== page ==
Photos: Swamplot inbox
Up from Subway
Here’s a commandeerable after-and-before flooding shot, taken from a drone hovering 300 ft. above Hwy. 6 just north of the Barker Reservoir spillway. Move the slider at the bottom of the image to toggle slowly between the 2 views, taken Thursday, August 24th (on the right, not long before the arrival of Hurricane Harvey) and Tuesday, August 29th (on the left, after stormwater filled the reservoir and the flooded the area). You can also rotate and zoom the image with your pointing device or finger.
In the initial view, the camera is facing straight down Addicks-Howell Rd.; the wider Hwy. 6 appears to veer off to the left. Addicks-Howell marks the entrance to Fleetwood, the adjacent neighborhood. Rotate the view 180 degrees to see the spillway.
Houston visualization firm Reality Imaging & Mapping Technologies took the panoramic images and stitched them together to create the immersive and zoomable view, which can also be experienced as a VR image. Click here to view the image in its own browser window.
Image: Reality Imaging & Mapping Technologies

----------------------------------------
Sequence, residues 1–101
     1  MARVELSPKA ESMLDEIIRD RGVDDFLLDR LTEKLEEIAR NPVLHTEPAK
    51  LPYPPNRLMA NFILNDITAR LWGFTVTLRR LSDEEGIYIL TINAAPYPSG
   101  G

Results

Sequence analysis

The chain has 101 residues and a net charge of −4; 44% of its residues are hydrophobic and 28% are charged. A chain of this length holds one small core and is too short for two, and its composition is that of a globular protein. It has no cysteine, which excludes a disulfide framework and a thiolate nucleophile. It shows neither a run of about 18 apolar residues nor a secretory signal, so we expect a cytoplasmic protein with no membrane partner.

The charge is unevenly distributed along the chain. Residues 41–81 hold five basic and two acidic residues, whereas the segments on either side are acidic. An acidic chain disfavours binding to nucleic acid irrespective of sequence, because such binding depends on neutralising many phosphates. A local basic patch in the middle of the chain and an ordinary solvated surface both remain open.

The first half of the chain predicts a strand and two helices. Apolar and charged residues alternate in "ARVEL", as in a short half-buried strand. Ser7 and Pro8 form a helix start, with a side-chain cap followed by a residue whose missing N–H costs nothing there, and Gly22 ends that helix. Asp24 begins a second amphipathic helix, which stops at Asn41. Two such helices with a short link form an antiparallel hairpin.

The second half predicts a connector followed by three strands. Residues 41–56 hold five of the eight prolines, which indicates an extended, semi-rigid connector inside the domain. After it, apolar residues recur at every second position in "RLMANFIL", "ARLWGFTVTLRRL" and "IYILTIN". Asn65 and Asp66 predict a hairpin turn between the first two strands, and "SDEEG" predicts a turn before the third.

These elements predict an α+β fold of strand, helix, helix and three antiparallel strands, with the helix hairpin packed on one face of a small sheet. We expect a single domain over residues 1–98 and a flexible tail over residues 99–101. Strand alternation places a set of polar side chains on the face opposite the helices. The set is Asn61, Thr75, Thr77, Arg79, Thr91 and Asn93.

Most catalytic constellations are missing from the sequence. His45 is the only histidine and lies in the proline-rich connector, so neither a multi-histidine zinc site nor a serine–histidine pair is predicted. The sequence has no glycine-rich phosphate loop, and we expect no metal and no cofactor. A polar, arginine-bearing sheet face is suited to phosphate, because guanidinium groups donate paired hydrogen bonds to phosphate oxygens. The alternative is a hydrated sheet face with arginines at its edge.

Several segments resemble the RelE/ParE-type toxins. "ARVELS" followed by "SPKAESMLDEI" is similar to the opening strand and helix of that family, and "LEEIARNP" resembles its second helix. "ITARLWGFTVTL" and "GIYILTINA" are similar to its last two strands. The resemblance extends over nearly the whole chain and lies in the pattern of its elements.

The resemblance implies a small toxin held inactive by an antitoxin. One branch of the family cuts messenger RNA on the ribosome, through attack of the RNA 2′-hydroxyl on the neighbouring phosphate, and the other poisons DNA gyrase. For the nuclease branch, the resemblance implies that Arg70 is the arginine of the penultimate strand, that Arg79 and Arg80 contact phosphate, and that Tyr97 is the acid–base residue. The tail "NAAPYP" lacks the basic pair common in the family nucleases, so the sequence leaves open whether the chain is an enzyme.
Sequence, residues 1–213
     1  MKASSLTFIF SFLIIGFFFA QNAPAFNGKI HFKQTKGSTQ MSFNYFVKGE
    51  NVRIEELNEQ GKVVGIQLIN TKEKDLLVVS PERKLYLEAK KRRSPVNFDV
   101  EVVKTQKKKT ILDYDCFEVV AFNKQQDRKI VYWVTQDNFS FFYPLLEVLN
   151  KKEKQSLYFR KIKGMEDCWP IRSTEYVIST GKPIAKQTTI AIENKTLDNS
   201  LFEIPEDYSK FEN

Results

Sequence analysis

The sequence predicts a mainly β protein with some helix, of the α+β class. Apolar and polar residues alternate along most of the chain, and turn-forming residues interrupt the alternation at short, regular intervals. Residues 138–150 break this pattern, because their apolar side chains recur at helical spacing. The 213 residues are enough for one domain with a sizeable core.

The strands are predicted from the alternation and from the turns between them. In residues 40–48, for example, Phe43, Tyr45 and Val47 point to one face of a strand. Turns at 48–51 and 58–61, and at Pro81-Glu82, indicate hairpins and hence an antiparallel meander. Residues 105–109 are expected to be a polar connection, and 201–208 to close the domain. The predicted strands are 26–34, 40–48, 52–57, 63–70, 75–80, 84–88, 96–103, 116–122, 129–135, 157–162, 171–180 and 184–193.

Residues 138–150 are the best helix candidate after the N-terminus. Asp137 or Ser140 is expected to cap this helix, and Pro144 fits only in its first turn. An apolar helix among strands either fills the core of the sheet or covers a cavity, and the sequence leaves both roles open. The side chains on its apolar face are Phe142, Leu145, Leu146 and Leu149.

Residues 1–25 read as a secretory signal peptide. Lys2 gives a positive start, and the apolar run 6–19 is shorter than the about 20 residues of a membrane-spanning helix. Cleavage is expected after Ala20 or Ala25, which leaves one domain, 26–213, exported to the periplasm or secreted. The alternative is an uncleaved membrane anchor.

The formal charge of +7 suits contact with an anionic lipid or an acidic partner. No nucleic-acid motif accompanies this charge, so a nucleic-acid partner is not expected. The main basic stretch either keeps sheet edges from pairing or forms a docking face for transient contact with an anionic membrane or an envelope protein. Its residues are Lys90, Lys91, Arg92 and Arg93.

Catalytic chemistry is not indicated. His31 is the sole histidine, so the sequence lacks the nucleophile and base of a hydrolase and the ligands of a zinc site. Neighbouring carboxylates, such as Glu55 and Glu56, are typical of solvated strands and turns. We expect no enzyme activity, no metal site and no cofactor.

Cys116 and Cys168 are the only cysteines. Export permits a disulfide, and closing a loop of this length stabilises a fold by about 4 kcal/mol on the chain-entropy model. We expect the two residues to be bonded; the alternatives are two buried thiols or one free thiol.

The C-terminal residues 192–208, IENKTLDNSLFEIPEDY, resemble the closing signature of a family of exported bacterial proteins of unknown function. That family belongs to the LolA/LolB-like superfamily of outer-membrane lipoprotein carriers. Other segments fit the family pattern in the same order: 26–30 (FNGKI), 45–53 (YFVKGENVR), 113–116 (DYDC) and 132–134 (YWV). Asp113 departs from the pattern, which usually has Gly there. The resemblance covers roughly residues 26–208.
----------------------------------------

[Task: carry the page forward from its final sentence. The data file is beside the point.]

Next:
MAIN OFFICE TOWER AT BP ENERGY CORRIDOR CAMPUS WILL REMAIN EMPTY FOR MONTHS Major flooding after Hurricane Harvey knocked BP’s Westlake Campus out of commission for 3 weeks. Employees began moving back to their workspaces just south of I-10 between Eldridge and Hwy. 6 over the last few days, reports Collin Eaton — but only about a third of them: “BP executives still don’t know the full extent of the damage to its Westlake One tower, and they’re not sure exactly when it will reopen — although they expect that early next year. Floodwaters had risen to the top of the turnstiles in the lobby of the office building, filling the basement and bringing down the electrical systems. Contract workers piled thousands of sandbags around the building so they could start pumping out the rushing water.” [Houston Chronicle ($)] Photo of Westlake One, 501 Westlake Park Blvd.: Glassdoor
HOW TO NEGOTIATE THE MANY COMPLICATED EMOTIONS INVOLVED IN LISTING YOUR NOTTINGHAM FOREST HOME From the new listing for 302 Hickory Post Ln., posted yesterday: “Build your dream home here! This is a remodel or a tear down! Your choice. The Lot is amazing and is nestled at the end of the culdesac and backs up to the bayou. This was the only time the home ever flooded! Serious buyers only! Please don’t waste our time with low ball offers!” [HAR; previously on Swamplot]